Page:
Buying a house is one of the biggest investments you can make, especially if it’s your first home. Besides the emotional attachment that comes with this purchase, there is a strong financial component to this decision as well. In Canada, there are governmental programs in place to encourage first time home buyers. The newest program is the first time home buyer incentive, which was introduced in 2019 to help the first time home buyers (who can afford the minimum down payment) to get a portion of their home purchase financed via a shared equity mortgage with the Canada Mortgage and Housing Corporation. What makes these incentives such a hit?
First-Time Home Buyer Incentive
Starting from September 2019, the First Time Home Buyer Incentive has done a lot to lighten the financial burden of first time buyers in Canada. Because of this incentive, an eligible buyer is able to have between 5-10% of the home purchase covered by the government in a shared-equity agreement; with the repayment of this amount due within 25 years or if the house is sold based on the value of the property at the time of selling.
Other Incentive Programs in Canada
Apart from the first time home buyer incentive, there are two other major incentives through which the Canadian government encourages home ownership amongst its citizens, namely via land transfer tax rebates (and other home buyers’ amount) and the home buyers’ plan.
The United States has up to 40% of its first time buyers neck-deep in debt and this has increased the average age of first time home buyers to as late as 32 years old. While there are a lot of first time programs in the US (including the FHA loan program, USDA loan program, the HomePath ReadyBuyer Program, Energy-efficient Mortgage Program), these first time home buyer programs don’t seem to be enough.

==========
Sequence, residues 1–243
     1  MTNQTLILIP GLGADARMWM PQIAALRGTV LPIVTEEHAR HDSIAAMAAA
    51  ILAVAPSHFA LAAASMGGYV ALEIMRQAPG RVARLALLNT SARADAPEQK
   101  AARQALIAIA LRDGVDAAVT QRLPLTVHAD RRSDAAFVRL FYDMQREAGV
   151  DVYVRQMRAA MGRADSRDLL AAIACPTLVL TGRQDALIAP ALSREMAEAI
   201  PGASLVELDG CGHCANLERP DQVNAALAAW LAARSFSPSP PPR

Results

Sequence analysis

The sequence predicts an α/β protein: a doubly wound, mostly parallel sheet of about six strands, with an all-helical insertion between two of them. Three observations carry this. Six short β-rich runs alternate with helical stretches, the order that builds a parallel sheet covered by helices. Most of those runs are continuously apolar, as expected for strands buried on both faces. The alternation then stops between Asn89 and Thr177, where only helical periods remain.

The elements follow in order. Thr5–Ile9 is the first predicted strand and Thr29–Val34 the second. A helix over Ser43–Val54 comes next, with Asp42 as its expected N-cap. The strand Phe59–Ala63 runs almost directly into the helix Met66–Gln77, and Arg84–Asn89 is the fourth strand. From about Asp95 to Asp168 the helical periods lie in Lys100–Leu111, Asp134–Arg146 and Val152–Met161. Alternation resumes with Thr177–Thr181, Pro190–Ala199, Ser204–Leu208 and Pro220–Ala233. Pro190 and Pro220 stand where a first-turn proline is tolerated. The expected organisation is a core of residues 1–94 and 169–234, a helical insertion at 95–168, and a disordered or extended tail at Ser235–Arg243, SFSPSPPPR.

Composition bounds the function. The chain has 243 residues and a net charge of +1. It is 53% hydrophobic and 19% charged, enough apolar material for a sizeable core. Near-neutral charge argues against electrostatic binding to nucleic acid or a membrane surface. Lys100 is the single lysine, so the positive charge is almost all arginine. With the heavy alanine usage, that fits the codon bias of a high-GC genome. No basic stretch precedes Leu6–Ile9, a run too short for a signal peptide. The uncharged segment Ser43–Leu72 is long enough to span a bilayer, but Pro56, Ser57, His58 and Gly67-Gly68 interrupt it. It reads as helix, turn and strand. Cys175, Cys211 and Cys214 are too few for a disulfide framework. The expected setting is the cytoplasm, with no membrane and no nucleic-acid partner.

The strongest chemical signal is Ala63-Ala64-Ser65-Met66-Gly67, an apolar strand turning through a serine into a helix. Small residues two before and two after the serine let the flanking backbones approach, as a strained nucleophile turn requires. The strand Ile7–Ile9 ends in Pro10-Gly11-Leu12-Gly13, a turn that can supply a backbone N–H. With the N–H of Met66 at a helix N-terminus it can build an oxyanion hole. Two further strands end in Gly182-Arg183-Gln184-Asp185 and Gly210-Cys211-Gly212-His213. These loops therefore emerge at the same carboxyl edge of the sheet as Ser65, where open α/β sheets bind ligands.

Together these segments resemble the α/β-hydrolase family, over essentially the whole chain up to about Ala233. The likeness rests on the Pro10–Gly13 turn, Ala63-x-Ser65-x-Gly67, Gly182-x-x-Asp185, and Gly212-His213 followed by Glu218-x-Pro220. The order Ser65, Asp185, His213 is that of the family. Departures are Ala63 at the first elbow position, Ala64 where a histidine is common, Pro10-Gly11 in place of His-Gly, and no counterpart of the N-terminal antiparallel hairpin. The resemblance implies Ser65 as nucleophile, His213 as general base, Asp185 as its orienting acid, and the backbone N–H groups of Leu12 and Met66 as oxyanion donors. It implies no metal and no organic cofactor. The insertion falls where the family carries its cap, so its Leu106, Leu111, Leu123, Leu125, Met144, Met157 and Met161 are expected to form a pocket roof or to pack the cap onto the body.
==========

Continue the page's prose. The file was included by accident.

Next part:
Unlike in Canada, there are no shared equity programs in the United States.
Why Shared Equity Incentives?
One major difference between the real estate industry in the United States and Canada is mortgage rates and the rules applying to mortgage. Although mortgage rates in Canada are significantly lower than for the United States, the common term is about five years, unlike in the United States, where it could be up to 30 years.
Notwithstanding, the government easily gains from a more enthusiastic approach to real estate investment, as real estate typically grows at a faster rate than inflation can catch up with. Introducing first time home buyer incentives, as in Canada can help create a more desirous landscape for real estate investments.
Housing has also become generally more challenging in big cities such as New York and Los Angeles, and when younger individuals have some financial relief through incentives, it becomes easier to own their first houses and reduce the burden of housing in such expensive cities like Los Angeles, New York, and San Francisco.
One major roadblock to the implementation of such programs/incentives however, is funding. Perhaps, through the issuance of bonds which track housing performance, much funds can be garnered and channeled towards first time home buyer shared equity incentives in the United States.
As with Canada, there is a teeming population of young individuals in prime US cities. Introducing first time home buyer programs at such a time like this would produce amazing results over a period of time for the government, as first time home buyers would be encouraged to take the pretty huge step of home ownership.